Help! I’m having second thoughts about my uni choice

Thinking about changing your choice of university? Here are your options

Switching university choice at a late stage is more common that you might think. It's probably easier than you might think, too.

But, is it the right thing to do? You'll already have done a massive amount of research while deciding your current firm and insurance options. Do you really want to switch?

We spoke to Rachel Leighton, head of UK recruitment at the University of Roehampton, who shared this advice.

"Think carefully if you’re considering changing your firm choice between now and A-level results day,” says Rachel. “This is not a decision you want to make on a whim.

"Changing your firm choice may mean extra leg work such as updating your student finance application and applying for accommodation at your new university. 

"But if you’re confident that you can get these bits sorted, then go for it. At the end of the day, you need to be happy with your choice.”

If your heart is set on making a change, what happens next depends on your timing. You can often swap a university choice up until 23 July 2020 - depending on when you replied to your offers. After that date, you'll have to wait until A-level results day.

This article covers a range of different scenarios. Tap one that's relevant to you to read more...

"I chose my firm and insurance within the last 14 days. Can I still change these?"

Yes. If you accepted your offers in the last 14 days you can change your firm choice, your insurance choice - or both. Contact Ucas directly and speak to an adviser. They will be able to make the changes to your replies for you. Ucas calls this a 'reply swap'.

If you accepted your offers more than 14 days ago, the process is a bit longer - but it may still be possible with the agreement of the relevant universities. More on this below.

Either way, the deadline for making these swaps is 23 July 2020.

"What can I do if I chose my firm and insurance more than 14 days ago?"

Switching your choices may still be possible if you start the process before that 23 July deadline. 

By that date, all the universities involved must have notified Ucas and Ucas must have actioned the swap. If the process is not complete by that date, you will have to wait until A-level results day.

So, if you're seriously considering swapping, you should start the process at least a week in advance of the deadline. Also, bear in mind that if you declined an offer some time ago, the places on that course may now have been filled.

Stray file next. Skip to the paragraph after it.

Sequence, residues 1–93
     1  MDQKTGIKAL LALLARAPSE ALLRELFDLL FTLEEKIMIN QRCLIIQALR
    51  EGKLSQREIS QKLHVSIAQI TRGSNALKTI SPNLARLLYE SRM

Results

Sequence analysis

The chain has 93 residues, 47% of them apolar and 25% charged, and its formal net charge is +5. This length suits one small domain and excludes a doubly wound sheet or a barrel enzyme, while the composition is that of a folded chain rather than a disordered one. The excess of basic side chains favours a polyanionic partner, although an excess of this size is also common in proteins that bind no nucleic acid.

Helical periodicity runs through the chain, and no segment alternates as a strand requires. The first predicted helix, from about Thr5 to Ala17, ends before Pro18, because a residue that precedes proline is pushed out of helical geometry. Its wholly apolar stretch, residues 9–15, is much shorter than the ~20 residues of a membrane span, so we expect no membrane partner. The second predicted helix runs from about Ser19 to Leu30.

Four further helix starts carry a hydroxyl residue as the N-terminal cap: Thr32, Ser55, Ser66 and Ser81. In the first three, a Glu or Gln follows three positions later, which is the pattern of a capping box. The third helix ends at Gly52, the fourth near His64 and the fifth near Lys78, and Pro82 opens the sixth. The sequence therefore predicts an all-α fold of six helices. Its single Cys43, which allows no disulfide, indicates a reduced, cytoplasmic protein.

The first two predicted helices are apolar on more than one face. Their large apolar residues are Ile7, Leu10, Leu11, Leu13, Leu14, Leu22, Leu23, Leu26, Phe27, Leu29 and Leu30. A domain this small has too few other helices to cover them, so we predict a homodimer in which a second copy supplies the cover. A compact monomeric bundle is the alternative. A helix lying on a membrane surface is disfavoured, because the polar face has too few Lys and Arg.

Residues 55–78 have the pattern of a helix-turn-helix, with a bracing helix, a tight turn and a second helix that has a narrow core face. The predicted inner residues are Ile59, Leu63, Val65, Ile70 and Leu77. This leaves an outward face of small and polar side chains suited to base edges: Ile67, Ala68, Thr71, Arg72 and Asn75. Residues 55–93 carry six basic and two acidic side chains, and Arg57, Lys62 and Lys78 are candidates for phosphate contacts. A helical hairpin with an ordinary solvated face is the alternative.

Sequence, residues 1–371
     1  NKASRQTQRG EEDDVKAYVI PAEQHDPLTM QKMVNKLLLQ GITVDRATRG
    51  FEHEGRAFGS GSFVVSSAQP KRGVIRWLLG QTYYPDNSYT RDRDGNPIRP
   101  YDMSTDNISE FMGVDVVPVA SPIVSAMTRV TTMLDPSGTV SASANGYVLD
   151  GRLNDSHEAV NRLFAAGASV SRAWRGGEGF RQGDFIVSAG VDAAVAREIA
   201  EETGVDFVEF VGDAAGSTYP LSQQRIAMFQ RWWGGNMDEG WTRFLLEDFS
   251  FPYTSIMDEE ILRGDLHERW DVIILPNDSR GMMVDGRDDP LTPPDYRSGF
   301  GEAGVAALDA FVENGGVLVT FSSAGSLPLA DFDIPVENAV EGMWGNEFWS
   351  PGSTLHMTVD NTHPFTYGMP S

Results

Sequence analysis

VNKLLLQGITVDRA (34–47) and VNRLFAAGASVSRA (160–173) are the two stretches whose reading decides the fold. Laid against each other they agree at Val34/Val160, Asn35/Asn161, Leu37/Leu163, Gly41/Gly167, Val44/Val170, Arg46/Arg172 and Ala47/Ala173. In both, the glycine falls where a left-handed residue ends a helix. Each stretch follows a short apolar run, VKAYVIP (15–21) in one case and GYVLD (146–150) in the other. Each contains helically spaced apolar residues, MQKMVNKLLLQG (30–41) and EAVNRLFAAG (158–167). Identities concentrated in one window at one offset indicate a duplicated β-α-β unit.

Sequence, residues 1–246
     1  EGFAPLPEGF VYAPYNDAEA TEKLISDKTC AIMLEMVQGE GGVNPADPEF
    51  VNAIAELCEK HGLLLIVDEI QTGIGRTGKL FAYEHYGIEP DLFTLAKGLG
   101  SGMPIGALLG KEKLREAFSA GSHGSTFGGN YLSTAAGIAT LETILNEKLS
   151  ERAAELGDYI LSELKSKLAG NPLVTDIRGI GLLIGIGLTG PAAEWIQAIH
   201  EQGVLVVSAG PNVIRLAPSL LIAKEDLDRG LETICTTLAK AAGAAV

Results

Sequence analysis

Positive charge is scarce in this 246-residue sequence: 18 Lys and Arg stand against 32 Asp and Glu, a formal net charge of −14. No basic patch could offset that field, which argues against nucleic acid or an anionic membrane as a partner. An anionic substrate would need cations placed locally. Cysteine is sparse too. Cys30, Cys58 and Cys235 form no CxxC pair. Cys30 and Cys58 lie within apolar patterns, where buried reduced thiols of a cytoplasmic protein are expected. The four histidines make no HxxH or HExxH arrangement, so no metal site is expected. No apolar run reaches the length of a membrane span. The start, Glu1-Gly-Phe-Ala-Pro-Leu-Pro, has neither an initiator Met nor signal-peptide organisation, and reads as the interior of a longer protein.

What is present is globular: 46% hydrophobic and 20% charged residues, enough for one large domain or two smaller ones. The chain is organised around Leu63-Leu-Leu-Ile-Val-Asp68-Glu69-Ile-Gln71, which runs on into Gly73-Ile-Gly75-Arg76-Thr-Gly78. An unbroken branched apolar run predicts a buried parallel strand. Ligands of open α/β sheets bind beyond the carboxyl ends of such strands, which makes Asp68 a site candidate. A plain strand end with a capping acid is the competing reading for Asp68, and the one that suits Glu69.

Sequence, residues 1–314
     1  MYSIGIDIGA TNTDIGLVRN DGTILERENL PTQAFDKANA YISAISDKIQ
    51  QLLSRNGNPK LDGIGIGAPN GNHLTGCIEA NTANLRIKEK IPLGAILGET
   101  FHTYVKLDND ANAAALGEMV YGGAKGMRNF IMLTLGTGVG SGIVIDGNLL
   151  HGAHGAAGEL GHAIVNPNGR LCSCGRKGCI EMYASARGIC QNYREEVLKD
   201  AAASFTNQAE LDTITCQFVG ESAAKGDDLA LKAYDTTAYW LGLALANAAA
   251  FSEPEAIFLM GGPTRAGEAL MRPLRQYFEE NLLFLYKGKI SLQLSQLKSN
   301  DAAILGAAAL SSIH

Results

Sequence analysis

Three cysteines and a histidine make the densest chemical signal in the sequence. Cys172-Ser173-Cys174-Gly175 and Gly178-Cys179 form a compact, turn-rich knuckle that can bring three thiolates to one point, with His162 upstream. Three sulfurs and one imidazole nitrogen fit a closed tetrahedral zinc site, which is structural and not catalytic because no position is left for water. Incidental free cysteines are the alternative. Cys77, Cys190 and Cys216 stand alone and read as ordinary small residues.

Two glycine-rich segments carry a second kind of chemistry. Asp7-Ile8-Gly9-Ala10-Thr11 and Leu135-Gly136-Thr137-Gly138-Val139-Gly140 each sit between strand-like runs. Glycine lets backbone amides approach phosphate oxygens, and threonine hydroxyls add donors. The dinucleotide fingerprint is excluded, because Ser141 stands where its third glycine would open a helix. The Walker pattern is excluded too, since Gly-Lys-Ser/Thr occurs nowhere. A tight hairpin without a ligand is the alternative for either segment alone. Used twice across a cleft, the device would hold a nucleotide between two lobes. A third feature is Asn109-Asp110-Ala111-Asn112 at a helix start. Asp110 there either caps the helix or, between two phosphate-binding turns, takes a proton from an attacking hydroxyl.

1. What should I do first?

Contact the admissions team at the university you'd now like to make your firm (or insurance). You won’t be able to swap unless they are still willing (and able) to offer you a place.

You're best off phoning first and following up with an email confirming you’d like to make the change. Explain your situation including why you have changed your mind.

If they can still make you an offer, ask them to confirm it in writing to you and send this to Ucas as proof.

2. Contact your current university choice and explain

Once you've got confirmation that you can get the place you want, you need to let your firm choice know - either that you’d like to decline their offer completely or make them your insurance.

Contact their admissions team, explain that you have changed your mind and explain what you would like to do next. If they agree to let you change your reply, ask them to confirm this in an email to you.

3. Contact Ucas and let them know what you would like to do

Phone Ucas and explain the situation. They can provide further advice and will make the swap for you once the universities have emailed their agreement. 

"I want to do a different course, but it's at the same university, can I change it?"

Possibly. Start by contacting the university; ask them to consider you for the new course. Explain why you want to change and be prepared to be asked to write a new personal statement.

Minor changes, such as swapping courses within the same faculty, are usually easiest. But it will be difficult (and often impossible) to change to something completely different. Don't get too excited about your chances of swapping from history into medicine, for instance.

“Changing the course you’ve been accepted onto sounds simple, but it can vary between universities,” says Rachel. 

“Some courses or universities need you to have qualifications in certain subjects which means it isn’t always straightforward. 

“The best thing to do is to take a look at the website and then give the university’s admissions team a call.” 

If the university agrees to make the course change, get them to email their agreement to Ucas. You won't contact Ucas about this directly - the university needs to do that for you. A Ucas adviser can then make the course change in Track.